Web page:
Sunday, February 3, 2013

Peanut Butter Oatmeal Chocolate Chip Cookies (Vegan and Gluten Free)

I'm so excited because I figured out a vegan and gluten free chocolate chip cookie recipe that I wouldn't only make for little Sean... I'd make these for anyone, anytime. They are scrumptious!  

Peanut Butter Oatmeal Chocolate Chip Cookies 
(Vegan and Gluten Free)


1/2 cup peanut butter (salted creamy Adams)
½ cup Spectrum shortening with smidgen of Earth Balance
1/2 cup sugar

1/2 cup packed 
brown sugar
2 single serve cups 
unsweetened applesauce (or ¾ cup)
1 teaspoon 
1 cup 
oat flour
1 cup almond meal
1 cup 
old-fashioned oatmeal
1 teaspoon 
baking soda
1/4 teaspoon 
3/4 cup 
chocolate chips (more or less to taste)


Cream together the 
shortening, Earth Balance, peanut butter, and sugars.  Add the applesauce and vanilla, and beat until fluffy.  In a separate bowl sift together the flour and almond meal, baking soda, and salt.  Combine with the oatmeal.  Mix the flour mixture into the liquid mixture about 1/2 cup at a time.  Stir in the chocolate chips.  Cover and chill in the refrigerator for a couple hours.

Preheat the oven to 400 degrees Fahrenheit.  Line a baking sheet with parchment paper (or use baking spray).  Drop spoons of the cookie dough onto the sheet, about 2 inches apart.  Bake for 12 minutes, transfer to a wire rack to cool, and eat!  Makes roughly three dozen cookies.

Wednesday, January 30, 2013

Super Simple Vegan Cornbread

My husband isn't a huge fan of cornbread, and yet he loved this version and went in for a second serving!  It's not crumbly at all, is moist and spongy, not super dense, and YUMMY.  Best of all... it's easy to make.  Hubby said I shouldn't have told him that, because he really loves it and now knows he can request it often.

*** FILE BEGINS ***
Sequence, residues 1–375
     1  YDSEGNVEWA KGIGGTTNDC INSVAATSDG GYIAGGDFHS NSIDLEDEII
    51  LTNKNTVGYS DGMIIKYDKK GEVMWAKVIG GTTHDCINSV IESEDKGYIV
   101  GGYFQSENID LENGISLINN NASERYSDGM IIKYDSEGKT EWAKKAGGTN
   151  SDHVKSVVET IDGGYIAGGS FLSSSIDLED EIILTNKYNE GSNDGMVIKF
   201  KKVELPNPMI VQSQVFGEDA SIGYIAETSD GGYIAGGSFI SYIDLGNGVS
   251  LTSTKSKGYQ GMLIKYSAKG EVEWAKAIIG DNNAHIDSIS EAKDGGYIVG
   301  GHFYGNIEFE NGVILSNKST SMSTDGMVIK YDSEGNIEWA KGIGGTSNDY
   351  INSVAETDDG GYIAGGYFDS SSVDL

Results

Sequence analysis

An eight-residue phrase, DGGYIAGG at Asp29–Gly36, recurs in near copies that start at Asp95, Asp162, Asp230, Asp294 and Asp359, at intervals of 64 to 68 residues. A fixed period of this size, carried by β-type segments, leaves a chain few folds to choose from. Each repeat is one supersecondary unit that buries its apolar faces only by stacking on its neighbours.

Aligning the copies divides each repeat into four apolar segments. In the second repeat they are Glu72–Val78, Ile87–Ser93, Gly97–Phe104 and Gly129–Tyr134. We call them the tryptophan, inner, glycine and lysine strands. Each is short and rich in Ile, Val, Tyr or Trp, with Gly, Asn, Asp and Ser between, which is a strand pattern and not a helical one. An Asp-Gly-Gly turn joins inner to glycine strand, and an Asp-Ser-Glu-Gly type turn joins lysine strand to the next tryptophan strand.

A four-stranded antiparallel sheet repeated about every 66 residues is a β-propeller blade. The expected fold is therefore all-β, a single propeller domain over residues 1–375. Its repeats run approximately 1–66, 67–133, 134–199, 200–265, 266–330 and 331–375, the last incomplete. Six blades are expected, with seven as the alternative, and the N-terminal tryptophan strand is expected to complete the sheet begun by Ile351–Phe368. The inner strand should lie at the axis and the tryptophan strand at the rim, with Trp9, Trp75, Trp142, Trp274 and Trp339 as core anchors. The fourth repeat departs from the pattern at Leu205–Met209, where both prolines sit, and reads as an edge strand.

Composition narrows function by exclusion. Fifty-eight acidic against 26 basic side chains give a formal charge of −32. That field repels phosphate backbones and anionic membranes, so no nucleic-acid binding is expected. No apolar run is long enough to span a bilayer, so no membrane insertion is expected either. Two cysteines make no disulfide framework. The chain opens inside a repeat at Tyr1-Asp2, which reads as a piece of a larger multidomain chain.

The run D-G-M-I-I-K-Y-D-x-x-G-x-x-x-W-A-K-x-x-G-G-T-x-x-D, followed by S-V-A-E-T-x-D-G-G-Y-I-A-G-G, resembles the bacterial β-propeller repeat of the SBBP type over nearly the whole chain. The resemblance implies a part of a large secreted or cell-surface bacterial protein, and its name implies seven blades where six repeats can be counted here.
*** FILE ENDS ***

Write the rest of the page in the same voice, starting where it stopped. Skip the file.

Super Simple Vegan Cornbread 
(including a gluten-free version)
modified from my Great Grandmother's recipe

Dairy and Egg Free Cornbread


1 cup all-purpose flour
1 cup white cornmeal 
1 Tablespoon sugar
1 teaspoon baking powder
1 teaspoon baking soda
1 teaspoon salt (I accidentally left the salt out of one batch, and it was still yummy!)
1/2 cup unsweetened applesauce (I use one of the single serve cups)
1 cup soy milk soured with 1 Tablespoon lemon juice (or cider vinegar) 
2 Tablespoons shortening (I use Spectrum brand. Coconut oil or Earth Balance would work also)


Preheat the oven to 375 degrees F.  Grease an 8x8 baking pan.  Place the lemon juice/vinegar into a liquid measuring cup then add soy milk until it measures 1 cup.  Set aside.  Sift the flour, baking soda, baking powder, sugar, and salt.  Stir in the cornmeal, combine well.  Cut in the shortening/oil until the texture is fine.  Add the applesauce and soured soy milk.  Mix until well-combined (don't over-mix) and pour into the baking pan.  Bake for about 30 minutes, until it's golden brown on top and springs back to the touch.

Gluten-Free Version: Omit the flour and use 2 cups of cornmeal.  I have only made this version as muffins, and we really enjoy them!  This recipe makes 1 dozen of standard-sized muffins, and bakes for about 15 minutes.
Gluten Free Vegan Cornbread Muffins

Sunday, January 27, 2013

Oatmeal Cookies Minus the Dairy & Egg

We recently had to omit both dairy and egg from our son's diet, so I will be sharing some dairy and egg free recipes now and then.  My son's chocolate-mint birthday cake turned out amazing (and I'll post that another time)... Cookies have been hit and miss.  Paper thin...  Too greasy...  Fortunately, these oatmeal cookies turned out chewy and delicious!  The dough is super yummy, and safe to eat too!

Oatmeal Cookies Minus the Dairy & Egg


1/2 cup of margarine (Earth Balance Buttery Spread) and/or shortening (Spectrum)
1/2 cup plain sugar
1/2 cup brown sugar
3/4 cup unsweetened applesauce
2 teaspoons vanilla
2 cups all-purpose flour
2 cups old-fashioned oatmeal
1 teaspoon baking soda
3/4 teaspoon salt
1 1/2 teaspoons cinnamon
1/2 teaspoon nutmeg
3/4 cup raisins (or chopped prunes, dried apricots, chocolate chips, nuts, etc)


Cream together the shortening, Earth Balance, and sugars.  Add the applesauce and vanilla, and beat until fluffy.  In a separate bowl sift together the flour, baking soda, salt, cinnamon, and nutmeg.  Combine with the oatmeal.  Mix the flour mixture into the liquid mixture about 1/2 cup at a time.  Stir in the raisins.  Cover and chill in the refrigerator for about 30 minutes.

Preheat the oven to 400 degrees Fahrenheit.  Line a baking sheet with parchment paper (or use baking spray).  Drop generous spoons of the cookie dough onto the sheet, about 1 inch apart (these don't spread much), flatten each drop a bit with the back of a wet spoon, or just use your finger dipped in water.  Bake for 10 to 12 minutes (or until slightly golden brown), transfer to a wire rack to cool, and eat!  Makes roughly three dozen cookies.